The attitudes of Israeli medical students toward residency in psychiatry
ABSTRACT The authors analyze attitudes toward psychiatry residency of Israeli medical students in preclinical years, compared with similar U.S. data.
A 23-item questionnaire was administered anonymously to 181 Israeli medical students in their preclinical years and was completed by 70% of the students present.
Psychiatry was ranked most attractive as far as intellectual challenge was considered and least attractive when the degree to which it draws upon all aspects of medical training was considered. Our study shows that 32.8% of the Israeli medical students in the preclinical years consider residency in psychiatry, compared to 7.7% in the U.S. and 15.9% in Australia, using the same questionnaire and methodology.
The population of students interested in family medicine and neurology, as well as those interested in the humanities, should be the source of psychiatry residents, and their faith in the psychiatric paradigm should be strengthened.
SourceAvailable from: Tiina Liinamaa
Dataset: Images @ BMC Stuart et al
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ABSTRACT: Objective: This study surveyed medical teaching faculty to determine their attitudes toward psychiatry and psychiatrists. Method: We conducted a multisite survey of a probability sample of 1057 teaching medical faculty members from 15 academic teaching centers in the United Kingdom, Europe, and Asia stratified by early, middle, and late career stage. The average response rate across countries was 65%. Results: The outstanding findings were that 90% of respondents considered that psychiatrists were not good role models for medical students, 84% thought psychiatric patients were unsuitable to be treated outside of specialized facilities, and 73% thought psychiatric patients were emotionally draining. We noted statistically significant differences by country, gender, career stage, and specialty. Conclusion: These results highlight why recruitment into psychiatry is problematic in many countries and suggest that greater attention should be given to improving the perception of psychiatrists as good role models and the efficacy of psychiatric treatments.Acta Psychiatrica Scandinavica 12/2014; 131(1):21-28. · 5.55 Impact Factor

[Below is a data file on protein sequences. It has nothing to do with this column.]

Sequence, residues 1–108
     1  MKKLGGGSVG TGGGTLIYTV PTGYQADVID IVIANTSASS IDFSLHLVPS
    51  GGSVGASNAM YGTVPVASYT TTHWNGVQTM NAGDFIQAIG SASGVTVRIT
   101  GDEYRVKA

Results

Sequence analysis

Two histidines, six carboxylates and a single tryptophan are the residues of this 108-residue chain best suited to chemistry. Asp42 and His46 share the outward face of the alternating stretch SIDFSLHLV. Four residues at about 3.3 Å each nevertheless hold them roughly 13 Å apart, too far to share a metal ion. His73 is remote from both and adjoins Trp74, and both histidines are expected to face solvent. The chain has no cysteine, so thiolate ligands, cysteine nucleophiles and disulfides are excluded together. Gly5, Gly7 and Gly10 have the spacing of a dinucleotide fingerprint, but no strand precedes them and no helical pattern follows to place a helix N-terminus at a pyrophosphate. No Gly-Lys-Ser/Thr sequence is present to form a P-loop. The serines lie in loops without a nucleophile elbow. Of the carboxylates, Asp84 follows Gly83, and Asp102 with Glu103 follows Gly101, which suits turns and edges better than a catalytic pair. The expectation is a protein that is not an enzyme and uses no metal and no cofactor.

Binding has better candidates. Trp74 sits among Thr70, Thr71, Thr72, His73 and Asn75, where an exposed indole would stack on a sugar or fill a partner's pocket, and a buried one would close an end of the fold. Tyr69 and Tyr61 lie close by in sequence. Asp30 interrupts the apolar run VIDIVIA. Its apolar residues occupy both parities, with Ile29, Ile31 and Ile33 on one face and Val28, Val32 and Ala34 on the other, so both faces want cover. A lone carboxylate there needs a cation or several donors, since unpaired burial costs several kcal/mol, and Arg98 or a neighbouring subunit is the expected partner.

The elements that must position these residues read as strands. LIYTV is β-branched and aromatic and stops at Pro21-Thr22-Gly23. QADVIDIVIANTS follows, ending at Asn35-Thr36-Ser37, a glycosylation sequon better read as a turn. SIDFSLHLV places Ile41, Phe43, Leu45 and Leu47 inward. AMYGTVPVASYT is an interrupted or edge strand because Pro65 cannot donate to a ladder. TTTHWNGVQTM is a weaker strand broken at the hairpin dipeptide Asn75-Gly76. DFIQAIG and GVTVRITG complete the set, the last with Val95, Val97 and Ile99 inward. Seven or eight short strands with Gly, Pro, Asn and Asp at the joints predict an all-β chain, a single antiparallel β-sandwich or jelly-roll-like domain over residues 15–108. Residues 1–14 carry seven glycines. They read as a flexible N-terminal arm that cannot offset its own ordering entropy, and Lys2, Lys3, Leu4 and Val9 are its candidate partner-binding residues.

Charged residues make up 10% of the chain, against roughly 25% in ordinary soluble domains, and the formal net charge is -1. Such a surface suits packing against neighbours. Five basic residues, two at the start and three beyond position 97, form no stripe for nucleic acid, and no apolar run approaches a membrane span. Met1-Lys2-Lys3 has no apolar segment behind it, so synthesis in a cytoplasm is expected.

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ABSTRACT: Background: This analysis is based on a survey questionnaire designed to describe medical educators' views of psychiatry and psychiatrists. Our goals in this paper were to assess the psychometric properties of the survey questions by (a) using exploratory factor analysis to identify the basic factor structure underlying 37 survey items; (b) testing the resulting factor structure using confirmatory factor analysis; and (c) assessing the internal reliability of each identified factor. To our knowledge, this is the first attempt to use these techniques to psychometrically assess a scale measuring the strength of stigma that medical educators attached to psychiatry. Methods: Survey data were collected from a random sample of 1,059 teaching faculty in 23 academic teaching sites in 15 countries. We conducted exploratory and confirmatory factor analysis to identify the scale structure and Cronbach's alpha to assess internal consistency of the resulting scales. Results: Results showed that a two-factor solution was the best fit for the data. Following exploratory factor analysis, we conducted confirmatory factor analysis on a split half of the sample. Results highlighted several items with low loadings. Excluding factors with low correlations and allowing for several correlated variances resulted in a good fitting model explaining 95% of the variance in the data. Conclusions: We identified two unidimensional scales. The Images Scale contained 11 items measuring stereotypic content concerning psychiatry and psychiatrists. The Efficacy of Psychiatry Scale contained 5 items addressing perceptions of the challenges and effectiveness of psychiatry as a discipline.BMC Psychiatry 12/2014; 14:337. DOI:10.1186/s12888-014-0337-1 · 2.24 Impact Factor